Approximately 50 associations either received copies or placed notices of its availability in their newsletters. On December 4, 1995, NPHHI held a news conference announcing the report and issued a four-page news release to newspapers, radio stations, and television stations in the 100 largest cities. The Chartbook generated interest at the national level, with coverage by C-Span, The New York Times, the Associated Press, and the Knight-Ridder chain. Investigators at NPHHI gave presentations at the Institute for State Policy Studies, the National Committee on Vital and Health Statistics, the Texas Department of Health Community Health Conference, the Centers for Disease Control Urban Centers Initiative, and the Association for Health Services Research. An article comparing hospitals in Jersey City and Newark appeared in New Jersey Medicine. See the Bibliography for details.

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AFTER THE GRANT

Using material from this project, the grantee produced a chartbook on the 16 largest California cities, Urban Social Health: A Report Card on California Cities, 1996, supported by the Henry J. Kaiser Family Foundation. NPHHI received another grant from RWJF in August 1996 (ID# 029644) for a study comparing the largest cities with their surrounding counties.

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GRANT DETAILS & CONTACT INFORMATION

Project

Analyses of Health and Sociodemographic Factors in Urban Areas

Grantee

National Public Health and Hospital Institute (Washington,  DC)

  • Amount: $ 247,719
    Dates: May 1994 to January 1996
    ID#:  022724

Contact

Dennis P. Andrulis, M.P.H., Ph.D.
(718) 270-7726
dandrulis@netmail.hscbklyn.edu

Web Site

http://www.naph.org/Main-Menu-Category/About-NAPH.aspx

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APPENDICES


Appendix 1

(Current as of the time of the grant; provided by the grantee organization; not verified by RWJF.)

Advisory Group for the Analyses of Health and Sociodemographic Factors in Urban Areas

Thomas Chapman
Chief Executive Officer
The George Washington University Hospital
Washington, D.C.

Benjamin K. Chu
Vice President for Clinical Affairs and Associate Dean
New York University Medical Center
New York, N.Y.

Kathryn Johnson
President/CEO
The Healthcare Forum
San Francisco, Calif.

Judith Kurland
Founder
Healthy Boston
Boston, Mass.

Daniel B. McLaughlin
Associate County Administrator
Hennepin County, Wash.

Sara Rosenbaum
Co-Director
The George Washington University Center for Health Policy Research
Washington, D.C.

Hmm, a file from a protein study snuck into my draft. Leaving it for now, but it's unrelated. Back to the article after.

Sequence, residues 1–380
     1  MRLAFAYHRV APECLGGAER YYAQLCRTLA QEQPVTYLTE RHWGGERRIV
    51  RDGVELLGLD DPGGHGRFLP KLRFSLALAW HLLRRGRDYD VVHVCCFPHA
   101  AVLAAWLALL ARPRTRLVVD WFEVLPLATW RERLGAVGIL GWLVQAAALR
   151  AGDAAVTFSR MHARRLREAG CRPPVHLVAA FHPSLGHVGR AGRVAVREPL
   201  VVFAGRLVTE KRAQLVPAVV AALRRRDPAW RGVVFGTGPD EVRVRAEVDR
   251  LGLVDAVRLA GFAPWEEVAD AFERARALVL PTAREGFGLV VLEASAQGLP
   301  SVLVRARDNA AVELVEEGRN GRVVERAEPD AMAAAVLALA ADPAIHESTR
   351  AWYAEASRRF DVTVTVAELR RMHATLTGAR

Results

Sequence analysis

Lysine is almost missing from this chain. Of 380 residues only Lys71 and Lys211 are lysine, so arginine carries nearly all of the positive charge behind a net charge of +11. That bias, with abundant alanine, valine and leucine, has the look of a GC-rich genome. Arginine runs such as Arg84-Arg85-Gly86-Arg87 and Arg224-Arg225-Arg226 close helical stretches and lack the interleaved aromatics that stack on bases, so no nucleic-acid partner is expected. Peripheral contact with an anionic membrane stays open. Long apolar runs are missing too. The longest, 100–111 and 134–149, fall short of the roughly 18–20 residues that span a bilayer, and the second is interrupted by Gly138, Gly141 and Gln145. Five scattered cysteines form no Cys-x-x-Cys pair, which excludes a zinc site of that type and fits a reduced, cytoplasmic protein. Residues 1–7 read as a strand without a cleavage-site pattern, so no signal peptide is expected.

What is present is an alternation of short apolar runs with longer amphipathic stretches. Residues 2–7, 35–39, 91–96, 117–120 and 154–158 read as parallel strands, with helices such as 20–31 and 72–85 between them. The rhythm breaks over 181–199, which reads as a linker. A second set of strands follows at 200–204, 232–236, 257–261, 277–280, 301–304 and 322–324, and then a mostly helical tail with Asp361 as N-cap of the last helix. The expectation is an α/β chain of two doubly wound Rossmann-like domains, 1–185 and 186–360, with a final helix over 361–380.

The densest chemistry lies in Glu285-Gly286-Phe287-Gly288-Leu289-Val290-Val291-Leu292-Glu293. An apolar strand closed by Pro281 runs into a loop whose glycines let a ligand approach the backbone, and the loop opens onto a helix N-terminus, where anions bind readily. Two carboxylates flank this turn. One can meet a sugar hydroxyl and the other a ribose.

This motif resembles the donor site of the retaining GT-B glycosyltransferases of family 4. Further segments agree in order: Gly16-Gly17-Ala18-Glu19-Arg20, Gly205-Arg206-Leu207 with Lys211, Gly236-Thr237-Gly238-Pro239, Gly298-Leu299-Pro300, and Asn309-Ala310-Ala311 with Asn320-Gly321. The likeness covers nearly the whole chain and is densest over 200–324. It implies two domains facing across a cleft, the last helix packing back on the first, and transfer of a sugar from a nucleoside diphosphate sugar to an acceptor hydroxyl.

Charles Royer
Former Director
Institute of Politics
Harvard University
Cambridge, Mass.

Don Steinwachs
Director
Health Services Research & Development Center
The Johns Hopkins University
Baltimore, Md.

Robert Valdez
Deputy Assistant Secretary of Health for Interagency Policy
US Department of Health and Human Services
Washington, D.C.

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BIBLIOGRAPHY

(Current as of date of this report; as provided by grantee organization; not verified by RWJF; items not available from RWJF.)

Books and Reports

Andrulis DP, Ginsberg C, Shaw-Taylor Y and Martin V. Urban Social Health: A Chartbook Profiling the Nation's One Hundred Largest Cities. Washington: National Public Health and Hospital Institute, 1995.

Articles

Andrulis DP and Shaw-Taylor Y. "The Social and Health Characteristics of California Cities." Health Affairs, 15(1): 131–142, 1996. Abstract available online.

Goodman N, Benesch B and Andrulis D. "A Tale of Two New Jersey Cities." New Jersey Medicine, 94(5): 47–53, 1997. Abstract available online.

News Conferences

News Conference announcing findings of the National Public Health and Hospital Institute's report on urban social health in the 100 largest US cities, Washington, December 4, 1995.

Press Kits and News Releases

A four-page release was sent to newspapers, radio stations, and television stations in the 100 largest cities, December 4, 1995.

Print Coverage

"Public Hospitals," in America Online, December 4, 1995.

"Larger Cities Gain Ground on Ills, Smaller Ones Lose," in The New York Times, December 5, 1995.

"Cities Worst Woes Beginning to Ease but Smaller Towns Suffer," in International Herald Tribune, December 6, 1995.

"Fresno Faces Rise in Poverty, Study Says," in The Fresno Bee, December 7, 1995.

"Study: Medicaid Plan Ignores Inner-City Needs," in AHA News, December 11, 1995.

Rovner J. "Us Versus Us: Whose Problems Are the Cities, Anyway?" in Advances. Special Supplement, 1, 1997: 1–4. The Robert Wood Johnson Foundation.

Presentations and Testimony

Presentations to the Institute for State Policy Studies, National Committee on Vital and Health Statistics, Texas Department of Health Community Health Conference, US Centers for Disease Control and Prevention Urban Initiative, Association for Health Services Research. No dates, sites, or speakers' names available.

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Report prepared by: Sybil L. Stokes
Reviewed by: Janet Heroux
Reviewed by: Robert Narus
Program Officer: Rush L. Russell